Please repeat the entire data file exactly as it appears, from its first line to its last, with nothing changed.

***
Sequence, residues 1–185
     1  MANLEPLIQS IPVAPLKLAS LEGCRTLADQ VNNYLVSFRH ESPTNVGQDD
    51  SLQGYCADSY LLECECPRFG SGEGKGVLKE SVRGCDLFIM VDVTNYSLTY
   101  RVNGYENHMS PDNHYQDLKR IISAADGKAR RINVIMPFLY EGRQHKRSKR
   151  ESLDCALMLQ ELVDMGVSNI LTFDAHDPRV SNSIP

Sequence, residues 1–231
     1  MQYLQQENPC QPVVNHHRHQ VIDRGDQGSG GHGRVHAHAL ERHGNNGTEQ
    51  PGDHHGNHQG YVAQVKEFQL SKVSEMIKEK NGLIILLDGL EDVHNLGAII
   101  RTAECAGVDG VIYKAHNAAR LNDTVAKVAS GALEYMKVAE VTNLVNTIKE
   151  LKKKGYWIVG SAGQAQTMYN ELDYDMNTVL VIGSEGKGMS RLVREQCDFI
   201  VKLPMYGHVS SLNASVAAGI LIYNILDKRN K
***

Sequence, residues 1–185
     1  MANLEPLIQS IPVAPLKLAS LEGCRTLADQ VNNYLVSFRH ESPTNVGQDD
    51  SLQGYCADSY LLECECPRFG SGEGKGVLKE SVRGCDLFIM VDVTNYSLTY
   101  RVNGYENHMS PDNHYQDLKR IISAADGKAR RINVIMPFLY EGRQHKRSKR
   151  ESLDCALMLQ ELVDMGVSNI LTFDAHDPRV SNSIP

Sequence, residues 1–231
     1  MQYLQQENPC QPVVNHHRHQ VIDRGDQGSG GHGRVHAHAL ERHGNNGTEQ
    51  PGDHHGNHQG YVAQVKEFQL SKVSEMIKEK NGLIILLDGL EDVHNLGAII
   101  RTAECAGVDG VIYKAHNAAR LNDTVAKVAS GALEYMKVAE VTNLVNTIKE
   151  LKKKGYWIVG SAGQAQTMYN ELDYDMNTVL VIGSEGKGMS RLVREQCDFI
   201  VKLPMYGHVS SLNASVAAGI LIYNILDKRN K